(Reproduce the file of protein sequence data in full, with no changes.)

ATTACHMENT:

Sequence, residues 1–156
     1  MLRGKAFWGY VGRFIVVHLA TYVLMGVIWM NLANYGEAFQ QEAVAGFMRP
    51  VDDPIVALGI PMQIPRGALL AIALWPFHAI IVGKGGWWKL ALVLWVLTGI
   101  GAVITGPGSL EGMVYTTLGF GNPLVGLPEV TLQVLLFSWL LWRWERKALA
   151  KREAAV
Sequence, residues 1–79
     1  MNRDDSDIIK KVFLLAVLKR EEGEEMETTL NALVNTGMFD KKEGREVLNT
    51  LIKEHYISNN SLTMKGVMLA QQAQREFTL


Sequence, residues 1–156
     1  MLRGKAFWGY VGRFIVVHLA TYVLMGVIWM NLANYGEAFQ QEAVAGFMRP
    51  VDDPIVALGI PMQIPRGALL AIALWPFHAI IVGKGGWWKL ALVLWVLTGI
   101  GAVITGPGSL EGMVYTTLGF GNPLVGLPEV TLQVLLFSWL LWRWERKALA
   151  KREAAV
Sequence, residues 1–79
     1  MNRDDSDIIK KVFLLAVLKR EEGEEMETTL NALVNTGMFD KKEGREVLNT
    51  LIKEHYISNN SLTMKGVMLA QQAQREFTL